Except now China is the biggest market, and like other imports we've blocked the Chinese market will absorb the surplus. Also like a poster above mentioned, what is keeping China from importing Costa Rican sugar and re-branding it as Chinese sugar? China doesn't care about IP law; it looks like a match made in heaven.

Re:Color me underwhelmed. (1)

demonlapin (527802) | more than 4 years ago | (#30811370)

what is keeping China from importing Costa Rican sugar and re-branding it as Chinese sugar?

Because transporting it across the Pacific, twice, eliminates any price advantage?

Re:Color me underwhelmed. (2, Informative)

BitZtream (692029) | more than 4 years ago | (#30811234)

No, its been that way since the dawn of recorded time. You know why? Because thats the way it works, the big guy sets the rules. This is nothing new. This is nothing unique to America. It will continue long after America is no longer of any importance at all.

Just figuring this out now ... did you bother to go to your high school history class?

Just because they were paranoid... (5, Insightful)

bughunter (10093) | more than 4 years ago | (#30810860)

... doesn't mean they were wrong.

Congratulations, the West was so focused on preventing communist totalitarians from taking over the world we've let capitalists move in and fill the niche.

The One World Government is here. But it's not a communist state, it's a kleptocracy.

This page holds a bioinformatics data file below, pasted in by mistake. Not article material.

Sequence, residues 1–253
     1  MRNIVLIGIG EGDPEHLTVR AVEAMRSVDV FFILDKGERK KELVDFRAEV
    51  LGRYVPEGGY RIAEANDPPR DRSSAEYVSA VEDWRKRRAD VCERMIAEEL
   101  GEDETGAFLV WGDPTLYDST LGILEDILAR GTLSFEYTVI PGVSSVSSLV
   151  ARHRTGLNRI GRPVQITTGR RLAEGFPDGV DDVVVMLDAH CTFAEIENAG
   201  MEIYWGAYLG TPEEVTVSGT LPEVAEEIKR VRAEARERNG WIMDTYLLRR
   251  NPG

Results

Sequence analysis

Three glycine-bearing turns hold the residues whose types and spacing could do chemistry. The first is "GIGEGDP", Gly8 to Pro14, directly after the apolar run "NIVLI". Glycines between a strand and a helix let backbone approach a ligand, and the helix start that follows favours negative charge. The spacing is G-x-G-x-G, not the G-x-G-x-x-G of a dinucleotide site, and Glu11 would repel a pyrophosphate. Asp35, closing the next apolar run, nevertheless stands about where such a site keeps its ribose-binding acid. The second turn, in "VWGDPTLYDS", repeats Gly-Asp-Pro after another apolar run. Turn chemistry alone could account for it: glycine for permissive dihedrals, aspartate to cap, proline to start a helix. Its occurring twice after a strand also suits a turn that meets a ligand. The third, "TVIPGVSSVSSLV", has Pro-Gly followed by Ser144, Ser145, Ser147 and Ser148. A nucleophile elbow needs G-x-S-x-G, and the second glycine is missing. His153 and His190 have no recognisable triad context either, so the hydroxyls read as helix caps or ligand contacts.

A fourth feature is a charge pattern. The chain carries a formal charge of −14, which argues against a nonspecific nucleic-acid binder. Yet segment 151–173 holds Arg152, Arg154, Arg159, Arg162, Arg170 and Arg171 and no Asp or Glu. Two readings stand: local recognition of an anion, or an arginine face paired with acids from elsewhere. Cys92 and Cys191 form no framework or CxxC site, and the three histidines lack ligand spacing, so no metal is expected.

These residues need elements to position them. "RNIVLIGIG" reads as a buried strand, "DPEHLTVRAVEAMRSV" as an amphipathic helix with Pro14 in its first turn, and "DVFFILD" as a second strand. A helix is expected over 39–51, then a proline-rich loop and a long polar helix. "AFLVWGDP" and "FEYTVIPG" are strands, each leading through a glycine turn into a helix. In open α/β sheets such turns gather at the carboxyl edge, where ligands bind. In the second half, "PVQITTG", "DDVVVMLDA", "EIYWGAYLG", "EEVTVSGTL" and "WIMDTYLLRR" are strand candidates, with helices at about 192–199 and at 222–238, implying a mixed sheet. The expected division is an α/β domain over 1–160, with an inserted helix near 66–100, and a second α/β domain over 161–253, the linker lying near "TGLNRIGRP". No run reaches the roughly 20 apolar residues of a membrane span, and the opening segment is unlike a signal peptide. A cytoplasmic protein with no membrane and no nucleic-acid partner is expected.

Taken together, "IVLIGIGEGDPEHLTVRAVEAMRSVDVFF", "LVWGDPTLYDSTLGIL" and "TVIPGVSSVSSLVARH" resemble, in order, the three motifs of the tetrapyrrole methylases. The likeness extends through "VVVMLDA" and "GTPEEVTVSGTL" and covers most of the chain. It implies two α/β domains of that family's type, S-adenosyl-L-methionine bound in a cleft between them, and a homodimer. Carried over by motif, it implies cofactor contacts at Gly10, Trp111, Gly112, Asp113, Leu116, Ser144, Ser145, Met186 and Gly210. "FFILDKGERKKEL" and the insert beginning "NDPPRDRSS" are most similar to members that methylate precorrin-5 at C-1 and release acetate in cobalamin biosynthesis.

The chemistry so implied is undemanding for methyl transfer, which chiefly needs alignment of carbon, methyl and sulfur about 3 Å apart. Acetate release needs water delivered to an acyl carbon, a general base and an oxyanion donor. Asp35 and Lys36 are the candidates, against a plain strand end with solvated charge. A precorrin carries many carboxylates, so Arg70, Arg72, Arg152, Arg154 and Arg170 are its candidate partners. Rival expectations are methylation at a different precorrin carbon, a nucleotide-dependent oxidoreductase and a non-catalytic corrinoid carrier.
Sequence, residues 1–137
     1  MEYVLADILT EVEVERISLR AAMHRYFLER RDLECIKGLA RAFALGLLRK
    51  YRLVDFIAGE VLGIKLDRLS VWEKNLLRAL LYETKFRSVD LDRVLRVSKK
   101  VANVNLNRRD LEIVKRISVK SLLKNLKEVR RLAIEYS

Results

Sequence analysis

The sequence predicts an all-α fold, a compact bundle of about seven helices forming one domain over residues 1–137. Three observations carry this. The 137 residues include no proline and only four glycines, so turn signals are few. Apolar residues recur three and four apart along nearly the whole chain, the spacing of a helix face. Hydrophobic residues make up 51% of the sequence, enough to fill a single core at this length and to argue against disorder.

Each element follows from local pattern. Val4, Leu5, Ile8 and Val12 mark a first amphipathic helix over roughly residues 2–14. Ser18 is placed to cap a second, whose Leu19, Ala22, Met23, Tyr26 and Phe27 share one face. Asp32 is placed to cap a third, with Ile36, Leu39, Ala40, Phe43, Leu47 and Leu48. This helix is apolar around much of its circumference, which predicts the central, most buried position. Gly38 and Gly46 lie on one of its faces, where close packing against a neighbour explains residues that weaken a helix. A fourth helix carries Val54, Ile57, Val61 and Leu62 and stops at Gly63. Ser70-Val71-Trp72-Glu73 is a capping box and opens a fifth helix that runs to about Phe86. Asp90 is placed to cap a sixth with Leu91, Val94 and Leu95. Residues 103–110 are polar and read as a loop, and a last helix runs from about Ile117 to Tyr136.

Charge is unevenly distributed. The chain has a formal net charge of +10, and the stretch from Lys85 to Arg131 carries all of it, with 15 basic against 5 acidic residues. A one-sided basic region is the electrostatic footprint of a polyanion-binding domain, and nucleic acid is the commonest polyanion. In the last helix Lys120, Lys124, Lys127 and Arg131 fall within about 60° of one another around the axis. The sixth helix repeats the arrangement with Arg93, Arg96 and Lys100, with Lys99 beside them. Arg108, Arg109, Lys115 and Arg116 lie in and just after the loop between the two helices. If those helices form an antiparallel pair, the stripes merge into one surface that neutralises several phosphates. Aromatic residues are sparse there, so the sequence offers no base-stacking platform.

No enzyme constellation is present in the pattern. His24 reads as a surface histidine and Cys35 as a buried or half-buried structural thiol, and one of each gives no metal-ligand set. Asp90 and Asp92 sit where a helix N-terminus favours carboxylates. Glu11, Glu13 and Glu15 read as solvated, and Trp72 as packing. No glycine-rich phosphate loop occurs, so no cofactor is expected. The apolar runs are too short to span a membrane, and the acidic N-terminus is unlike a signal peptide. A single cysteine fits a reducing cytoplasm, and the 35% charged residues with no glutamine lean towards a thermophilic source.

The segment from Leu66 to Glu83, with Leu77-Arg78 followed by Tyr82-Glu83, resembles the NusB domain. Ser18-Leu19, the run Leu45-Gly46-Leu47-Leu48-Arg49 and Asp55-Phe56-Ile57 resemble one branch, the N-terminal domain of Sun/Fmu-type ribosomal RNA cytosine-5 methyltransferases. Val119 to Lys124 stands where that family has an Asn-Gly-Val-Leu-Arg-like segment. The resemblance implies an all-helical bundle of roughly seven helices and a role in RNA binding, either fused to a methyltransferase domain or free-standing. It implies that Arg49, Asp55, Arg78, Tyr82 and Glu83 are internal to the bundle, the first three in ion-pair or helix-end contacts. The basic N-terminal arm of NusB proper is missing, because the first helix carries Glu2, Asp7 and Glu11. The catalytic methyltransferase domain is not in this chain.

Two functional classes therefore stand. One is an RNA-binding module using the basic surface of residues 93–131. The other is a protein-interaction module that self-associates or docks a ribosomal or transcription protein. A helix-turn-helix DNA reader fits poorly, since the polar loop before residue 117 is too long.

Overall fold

(Hey, but at least we have Avatar and deep fried butter to distract us.)

Re:Just because they were paranoid... (0, Offtopic)

nschubach (922175) | more than 4 years ago | (#30811082)

Deep fried butter is so yesterday. Fried cornflour covered butter is where it's at. (Some folks call them Corn Butters.)

Free trade (5, Interesting)

krou (1027572) | more than 4 years ago | (#30810870)

I still cannot understand why intellectual monopoly protectionism — the exact opposite of "free trade" — gets included in free trade agreements.

You misunderstand the meaning of free trade/the free market. It's free as in free for the more advanced economies, but not for the rest. Historically, countries like Europe and America (and others) have strengthened their economies by violating free market principles, and enforcing them on others.

Re:Free trade (1, Funny)

Anonymous Coward | more than 4 years ago | (#30810996)

Quick, someone call Encyclopedia Britannica, National Geographic, NewsWeek, the UN and any other interested parties, Europe just got united to a country!

Seems like you've got the scoop of the millennia, congratulations sir.

Re:Free trade (0)

Anonymous Coward | more than 4 years ago | (#30811144)

Are you saying that the European Union isn't a political union?

Re:Free trade (0)

Anonymous Coward | more than 4 years ago | (#30811358)

"countries like Europe and America (and others)." Hey, Europe and America are not countries. But I agree with you on the rest. This world is no longer ruled by countries but by companies instead. It's all about misdirection. That's what patriotism is all about, let's fight against countries!!! Ohh, BIG CORPORATIONS! Not a problem; they belong to my country. Yeaaahhh righhht :)

Maybe the government should have (1, Interesting)

nedlohs (1335013) | more than 4 years ago | (#30810872)

actually read and thought about the damn agreement before signing it.

Sugar (1)

CapnStank (1283176) | more than 4 years ago | (#30810878)